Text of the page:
Hepper is reader-supported. When you buy via links on our site, we may earn an affiliate commission at no cost to you. Learn more.

Can Cats Eat Spicy Food? What You Need To Know!

Elizabeth Gray

By Elizabeth Gray

Spicy Food on plate

Vet approved

Dr. Lorna Whittemore Photo

Reviewed & Fact-Checked By

Dr. Lorna Whittemore

MRCVS (Vet)

The information is current and up-to-date in accordance with the latest veterinarian research.

Learn more »

If you love your food packed with plenty of heat, you might wonder if your cat feels the same way. Some cats are picky eaters while others rival dogs when it comes to begging for table scraps. Before you let your cat lick off your plate, it’s important to make sure whatever they’re eating isn’t going to make them sick or worse.

So, can cats eat spicy food? As long as it doesn’t contain toxic ingredients (more on this later!) spicy food usually isn’t dangerous for your cat. However, spicy foods can upset your cat’s stomach and irritate their mouth just like it does for humans, so it’s best not to let them eat it.

Bringing The Heat: Spicy Food And Your Cat

Your cat’s digestive system didn’t develop to handle spicy foods. After all, any prey their wild ancestors caught and devoured didn’t come seasoned with a dry spice rub first! Because of this, spicy foods can wreak havoc on their stomach and intestines, causing vomiting and diarrhea.

Capsaicin, the compound that makes peppers hot, can cause a burning, irritating sensation in your cat’s mouth just like it does for us. If your cat gets spicy food in their nose or eyes, it could also be very painful. Because of this—and because your cat shouldn’t eat much human food anyway—it’s best to avoid giving them spicy foods.

chili pepper
Image Credit: Jumpstory

Can Cats Taste Spicy Food?

While we don’t specifically know whether cats can taste spicy food, we do know that their sense of taste is very different from humans. For example, a study showed that cats can recognize bitter, salty, and sour flavors (and that they don’t care for them!) but not sweet ones.

A cat’s sense of taste is also much less sensitive than a human’s overall. Humans have about 10,000 taste buds while cats only have a few hundred. Because of this, they probably don’t experience the flavor of spicy foods the same way that we do, but digestive issues and irritation are still a concern.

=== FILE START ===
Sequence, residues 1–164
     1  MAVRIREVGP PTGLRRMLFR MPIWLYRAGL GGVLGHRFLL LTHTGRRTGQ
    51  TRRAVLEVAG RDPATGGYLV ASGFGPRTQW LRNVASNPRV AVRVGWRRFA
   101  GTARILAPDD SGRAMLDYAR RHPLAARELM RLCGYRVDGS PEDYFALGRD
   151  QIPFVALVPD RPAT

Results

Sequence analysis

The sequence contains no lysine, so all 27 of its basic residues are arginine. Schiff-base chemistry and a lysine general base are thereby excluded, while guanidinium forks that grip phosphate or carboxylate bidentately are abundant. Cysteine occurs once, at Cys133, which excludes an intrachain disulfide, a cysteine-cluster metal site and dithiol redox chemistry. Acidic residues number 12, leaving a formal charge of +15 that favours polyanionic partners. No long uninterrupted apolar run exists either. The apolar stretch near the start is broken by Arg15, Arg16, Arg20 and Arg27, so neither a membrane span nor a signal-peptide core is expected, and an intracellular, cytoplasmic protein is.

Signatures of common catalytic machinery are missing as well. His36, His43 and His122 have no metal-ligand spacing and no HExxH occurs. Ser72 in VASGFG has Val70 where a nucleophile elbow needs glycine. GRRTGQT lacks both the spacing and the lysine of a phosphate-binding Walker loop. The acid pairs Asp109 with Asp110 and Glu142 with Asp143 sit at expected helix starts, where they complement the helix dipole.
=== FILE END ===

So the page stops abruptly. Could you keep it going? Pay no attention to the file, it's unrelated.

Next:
When Spicy Food Turns Toxic

Unless your cat is chowing down on raw hot peppers, they will probably be eating spicy food that contains many other ingredients as well. Some of those ingredients may be much more dangerous than chilis or other hot peppers.

Some of the most common toxic ingredients your cat may encounter are onions, garlic, leeks, and spices or blends made with onion and garlic powder. Foods containing these ingredients are very dangerous for your cat. Eating onions and garlic can cause anemia in cats.

Some other spices commonly used in cooking are also hazardous to cats. These include nutmeg, cinnamon, cloves, and allspice. Eating too much salt could also be dangerous to your cat.

Bland But Safe: The Right Diet For Your Cat

So, if your cat can’t share your spicy tuna roll or green curry dinner, what should they be eating?

The ideal food for your cat is a quality, age-appropriate commercial feline diet. While there are plenty of opinions out there regarding what specific diets are best, canned vs dry, grain-free, or raw, the most important consideration is that the food is nutritionally balanced for long term feeding.

Cats are obligate carnivores, meaning they can best absorb nutrients from animal sources rather than plant ones. They do best on a diet high in protein and low in carbohydrates, with a moderate amount of fat. Healthy cats should get all the vitamins and minerals they need from a complete diet with no need to supplement, so check with your veterinarian before giving multivitamin products to your kitty.

Curry
Image Credit: Jumpstory

What About Treats?

If you are bound and determined to let your cat share some of your food, the best option is to offer safe human foods as treats. Keep in mind that treats should make up no more than 10%-15% of your cat’s total daily calorie intake. This includes any commercially purchased or homemade cat treats as well as human food.

Safe human foods your cat may enjoy are cooked meat, canned or cooked fish, cooked grains such as oats, and fruits such as cantaloupe and banana. Avoid feeding your cat raw meat, fish, or eggs because of the potential for dangerous bacteria.

Besides the ones we discussed earlier, here are some other toxic foods to avoid feeding to your cat:
  • Chocolate
  • Bread dough
  • Alcohol
  • Grapes and raisins

Conclusion

Chances are that your cat won’t be a fan of spicy food in the first place. Even if they are (stranger things have happened), you shouldn’t let them eat much of it because of the potential for vomiting and diarrhea. Feeding too much of any human food—spicy or not—isn’t the healthiest for your cat overall. Find a commercial cat food your kitty enjoys and stick with that as their primary diet.


Featured Image Credit: shouravsheikh, Pixabay

Related Articles

Further Reading

Vet Articles

Latest Vet Answers

The latest veterinarians' answers to questions from our database

hepperorangebluebadgebuttonfeb